Planning, Protectionism, and Politics in Liberal Italy: Economics and Politics in the Giolittian Age

By Frank J. Coppa | Go to book overview

Chapter V
GIOLITTI'S ECONOMIC PROGRAM

As a politician par excellence, political considerations almost always played a major role in the determination of Giolitti's policy. In this respect, his opposition was quite right in observing that his emphasis on economic problems was eminently political rather than technical. This, in and of itself, was not culpable, but his critics made it appear so because they interpreted political in terms of the preservation of his own personal power.

Giolitti like every other figure in government was somewhat anxious to retain office, but it is uncertain that all his actions were geared to that end. If such were the case, if his economic program was but another means to stay in power, then Giolitti may have been an outstanding politician, but was clearly not a statesman. This matter, in fact, lies at the core of the controversy over Giolitti. Even his most bitter enemies admitted that he was an eminent politician and gauged his success by the length of his term in office. Giolitti's friends insisted that he was a statesman as well as a politician.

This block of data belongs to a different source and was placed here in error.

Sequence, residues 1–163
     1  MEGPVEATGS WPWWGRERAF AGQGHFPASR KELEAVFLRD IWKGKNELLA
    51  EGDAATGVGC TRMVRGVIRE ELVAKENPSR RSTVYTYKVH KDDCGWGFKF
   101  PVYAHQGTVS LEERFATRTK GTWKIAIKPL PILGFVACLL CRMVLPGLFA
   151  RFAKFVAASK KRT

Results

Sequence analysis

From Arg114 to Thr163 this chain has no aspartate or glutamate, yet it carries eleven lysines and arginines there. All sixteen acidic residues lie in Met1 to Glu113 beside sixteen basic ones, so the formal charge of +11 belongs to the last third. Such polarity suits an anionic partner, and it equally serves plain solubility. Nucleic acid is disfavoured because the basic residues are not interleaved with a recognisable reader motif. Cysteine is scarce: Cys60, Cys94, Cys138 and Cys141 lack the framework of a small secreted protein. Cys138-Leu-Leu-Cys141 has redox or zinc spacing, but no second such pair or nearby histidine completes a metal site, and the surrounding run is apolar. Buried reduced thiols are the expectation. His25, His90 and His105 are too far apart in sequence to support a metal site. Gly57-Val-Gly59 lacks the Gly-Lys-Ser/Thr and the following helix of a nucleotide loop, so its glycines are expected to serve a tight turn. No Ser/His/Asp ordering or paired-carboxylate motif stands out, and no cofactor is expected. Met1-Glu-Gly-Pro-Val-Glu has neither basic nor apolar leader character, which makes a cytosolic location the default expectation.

In light of this conflict, it is not surprising that some interpreted Giolitti's concessions to industry, his program of public works and vast government spending, and practically his entire economic program in terms of a desire to purchase support and retain power. This viewpoint was in line with the fulminations of the theorists and provided ammunition for the free-trade and southern schools. Still, the validity of this approach is questionable.

There are numerous indications that Giolitti's economic policies were determined by the same sense of state that governed much of his other action. An examination of his economic thought illustrates its striking similarity to that of certain figures of the old right, who had to a very high degree, a sense of the importance of the state. In particular, Giolitti's economic program like his commercial policy bears a great resemblance to the position assumed by Sella.

It is usually recalled that Quintino Sella was the Finance Minister who was determined to balance the budget and introduced a series of stringent taxes to do so. What is oftentimes forgotten is that this same figure did not begrudge increasing expenses for public works, and the formation of the infrastructure of the State. He was pro

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